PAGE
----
Language: Abnaki-Penobscot is an Algonquian language still spoken in Canada by a few Western Abenaki elders. Eastern Abenaki or Penobscot was another dialect of the same language once spoken in Maine, where the Penobscot people today are working to revive its use. The Abenakis call their language Alnombak or Aln8bak (8 is an old Jesuit symbol for a nasalized, unrounded 'o'.)
People: The Abenaki tribe, together with the Maliseet, Passamaquoddy, Mi'kmaq, and Penobscot Indians, were members of the old Wabanaki Confederacy, adversaries of the Iroquois. These allies from the eastern seaboard spoke related languages, and Abenaki and Wabanaki have the same Algonquian root, meaning "people from the east." Today there are 2000 Abenakis living on two reserves in Quebec, and another 10,000 Abenaki descendants scattered throughout New England. Only the Canadian Abenaki tribe is officially recognized, but there are at least three Abenaki bands in the United States: the Sokoki and Mazipskwik Abenakis of Vermont and the Cowasucks of Massachusetts.
History: Modern Abenaki history has been a fugue of attrition and regrouping. Up to 75% of Native Americans in New England were killed by European diseases in the 1500's and early 1600's. Dozens of distinct tribes originally lived in this area, but after each disaster the survivors of neighboring villages merged together, and their identities became blurry even in Indian oral history. Since the Abenaki people tended to retreat into Canada to avoid attacks, the British considered them Canadian Indians, but in fact the Abenakis were original natives of New England--and though their strategy of merging after heavy losses and hiding their existence from more powerful neighbors has hampered the Abenaki tribe's quest for federal recognition, it has also ensured their survival as a people. .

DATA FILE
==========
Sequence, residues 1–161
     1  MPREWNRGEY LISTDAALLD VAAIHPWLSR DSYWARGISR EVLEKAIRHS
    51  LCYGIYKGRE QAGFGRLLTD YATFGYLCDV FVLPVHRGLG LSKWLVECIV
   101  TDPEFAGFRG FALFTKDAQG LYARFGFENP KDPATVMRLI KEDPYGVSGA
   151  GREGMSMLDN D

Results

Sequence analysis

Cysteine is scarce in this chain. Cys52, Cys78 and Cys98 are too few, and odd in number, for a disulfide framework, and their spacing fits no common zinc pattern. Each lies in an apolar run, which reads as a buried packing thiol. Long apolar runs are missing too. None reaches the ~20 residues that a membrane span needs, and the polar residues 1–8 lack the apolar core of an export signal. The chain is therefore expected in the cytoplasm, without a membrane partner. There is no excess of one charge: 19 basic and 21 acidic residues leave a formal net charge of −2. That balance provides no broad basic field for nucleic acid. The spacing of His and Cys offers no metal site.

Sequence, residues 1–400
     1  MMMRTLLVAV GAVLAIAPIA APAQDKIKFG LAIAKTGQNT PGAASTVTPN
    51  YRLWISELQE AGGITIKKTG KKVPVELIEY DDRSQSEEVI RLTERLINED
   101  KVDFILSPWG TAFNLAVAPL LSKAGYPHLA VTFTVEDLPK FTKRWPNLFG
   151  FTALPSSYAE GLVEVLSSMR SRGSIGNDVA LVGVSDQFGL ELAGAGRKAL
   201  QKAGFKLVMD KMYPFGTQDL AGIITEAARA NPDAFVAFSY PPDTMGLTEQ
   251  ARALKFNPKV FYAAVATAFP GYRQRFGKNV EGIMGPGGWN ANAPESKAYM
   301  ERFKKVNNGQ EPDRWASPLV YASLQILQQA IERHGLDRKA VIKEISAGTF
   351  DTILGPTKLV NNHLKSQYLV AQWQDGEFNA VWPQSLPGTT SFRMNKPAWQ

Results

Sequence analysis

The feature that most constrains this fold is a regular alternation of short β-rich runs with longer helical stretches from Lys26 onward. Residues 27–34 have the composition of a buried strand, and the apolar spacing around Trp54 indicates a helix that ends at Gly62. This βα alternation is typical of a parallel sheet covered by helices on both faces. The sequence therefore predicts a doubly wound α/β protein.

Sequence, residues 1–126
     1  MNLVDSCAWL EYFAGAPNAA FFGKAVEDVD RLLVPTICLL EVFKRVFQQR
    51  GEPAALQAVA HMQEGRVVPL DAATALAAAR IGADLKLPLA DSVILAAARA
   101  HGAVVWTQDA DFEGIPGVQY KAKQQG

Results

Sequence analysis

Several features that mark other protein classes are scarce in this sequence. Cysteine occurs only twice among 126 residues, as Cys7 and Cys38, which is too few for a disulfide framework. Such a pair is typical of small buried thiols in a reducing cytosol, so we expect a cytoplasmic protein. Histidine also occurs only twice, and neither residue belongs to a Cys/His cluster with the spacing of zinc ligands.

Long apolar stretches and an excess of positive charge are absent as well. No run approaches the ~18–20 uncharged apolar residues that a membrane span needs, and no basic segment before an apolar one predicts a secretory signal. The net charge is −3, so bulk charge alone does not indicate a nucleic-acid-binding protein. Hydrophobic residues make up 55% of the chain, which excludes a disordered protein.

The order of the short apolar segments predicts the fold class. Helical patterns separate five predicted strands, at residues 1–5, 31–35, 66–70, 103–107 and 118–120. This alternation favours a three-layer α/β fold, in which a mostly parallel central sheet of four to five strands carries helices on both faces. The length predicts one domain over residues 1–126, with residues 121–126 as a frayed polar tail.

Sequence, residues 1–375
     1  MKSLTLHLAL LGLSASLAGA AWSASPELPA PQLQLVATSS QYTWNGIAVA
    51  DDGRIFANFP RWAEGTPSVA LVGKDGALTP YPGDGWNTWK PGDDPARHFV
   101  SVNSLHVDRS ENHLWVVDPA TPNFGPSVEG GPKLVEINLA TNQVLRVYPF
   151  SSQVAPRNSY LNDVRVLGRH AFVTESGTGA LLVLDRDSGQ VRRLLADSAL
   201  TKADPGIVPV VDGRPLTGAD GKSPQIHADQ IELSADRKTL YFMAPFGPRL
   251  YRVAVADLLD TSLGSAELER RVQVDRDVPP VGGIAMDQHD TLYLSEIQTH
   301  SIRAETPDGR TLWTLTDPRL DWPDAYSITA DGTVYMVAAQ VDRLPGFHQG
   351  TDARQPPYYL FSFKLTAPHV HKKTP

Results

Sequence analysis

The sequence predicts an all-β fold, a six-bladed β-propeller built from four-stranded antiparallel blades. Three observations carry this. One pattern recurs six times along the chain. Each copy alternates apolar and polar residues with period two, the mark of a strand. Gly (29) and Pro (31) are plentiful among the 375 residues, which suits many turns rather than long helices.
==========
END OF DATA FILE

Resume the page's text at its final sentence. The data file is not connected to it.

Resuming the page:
We rest Abenaki to share caption from antiquity:
Today is: 4th June (GMT), in history on the 4th of June, 1905 AD the following death happened:
Carl Albert Loeschhorn: Composer, dies at 85